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With any emerging technology one of the biggest questions people always have is whether or not it is trustworthy, and though driverless cars or autonomous vehicles (AVs) feel like they have been on the verge of becoming mainstream for years, they are not actually here yet.

Bits of autonomous feature technology have been incorporated into new cars for a while now. For example, obstacle detection and automatic braking, safe intervals on the road thanks to adaptive cruise control and autonomous parking, and in the USA, AVs have been used for contactless deliveries during the pandemic.

So, could passenger AVs be a game-changer for people as their mobility declines through age or illness in terms of maintaining independence?

Next Avenue is a journalism service for the older population of America which highlights advocates, writers and experts, researchers, innovators and thought leaders who push traditional boundaries and change our understanding of what aging means. Joe Coughlin, head of the AgeLab at Massachusetts Institute of Technology (MIT) and Next Avenue Influencer in Aging, says,

‘Mobility is the very glue – if you will – that holds all those little things that we call life, together.’

An AgeLab study found that older consumers generally had a positive view of AVs as an emerging technology, and the more understanding they had of it, the more positive was their view.

Former BMW engineer, Ignacio Alvarez, who works on the Mobileye AV initiative (an Intel company which uses the latest technology, including AI and deep learning, to create the hardware and software necessary for manufacturers to enable Advances Driver Assist (ADAS) systems and eventually fully autonomous vehicles) suggests that AVs will fundamentally change the way people work and live as cars evolve into a place where people can be more productive as their time is no longer taken up with driving, but it won’t happen soon, or even in one go.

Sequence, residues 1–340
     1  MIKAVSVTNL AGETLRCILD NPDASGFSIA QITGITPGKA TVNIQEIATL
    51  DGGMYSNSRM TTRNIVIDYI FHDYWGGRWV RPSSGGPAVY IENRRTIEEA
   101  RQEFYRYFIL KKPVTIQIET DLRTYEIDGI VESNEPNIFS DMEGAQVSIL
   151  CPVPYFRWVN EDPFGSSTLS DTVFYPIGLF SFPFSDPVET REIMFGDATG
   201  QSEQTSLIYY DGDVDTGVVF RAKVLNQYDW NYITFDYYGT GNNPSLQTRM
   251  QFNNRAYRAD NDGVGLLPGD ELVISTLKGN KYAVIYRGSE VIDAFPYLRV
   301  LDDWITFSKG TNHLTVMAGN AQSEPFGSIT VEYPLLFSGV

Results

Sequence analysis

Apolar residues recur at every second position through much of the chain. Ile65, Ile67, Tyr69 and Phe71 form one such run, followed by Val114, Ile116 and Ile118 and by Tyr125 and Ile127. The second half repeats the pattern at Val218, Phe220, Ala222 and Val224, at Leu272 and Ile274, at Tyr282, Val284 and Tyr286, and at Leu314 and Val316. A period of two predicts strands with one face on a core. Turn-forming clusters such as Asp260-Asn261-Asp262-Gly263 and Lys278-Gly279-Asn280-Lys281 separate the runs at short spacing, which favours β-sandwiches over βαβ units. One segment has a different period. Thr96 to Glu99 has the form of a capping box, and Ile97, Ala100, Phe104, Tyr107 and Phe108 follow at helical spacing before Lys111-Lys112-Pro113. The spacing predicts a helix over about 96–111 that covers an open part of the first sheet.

Initial adoption of AVs is more likely to be around specific hubs and for short journeys.

Optimus Ride is a self-driving vehicle technology company whose driverless shuttles have been used in care communities for delivering meals to residents, again, because of coronavirus precautions, and appear to be popular. If vehicles become entirely autonomous, they could be used for transporting residents around the community and even for shopping and appointments.

Obviously, this has the potential for a massive positive impact on independence.

As many studies have ascertained that human error is the cause of most road traffic incidents, it’s likely that eventually AVs will become mainstream, and some estimates suggest that by 2030 could be a $2 trillion market globally.


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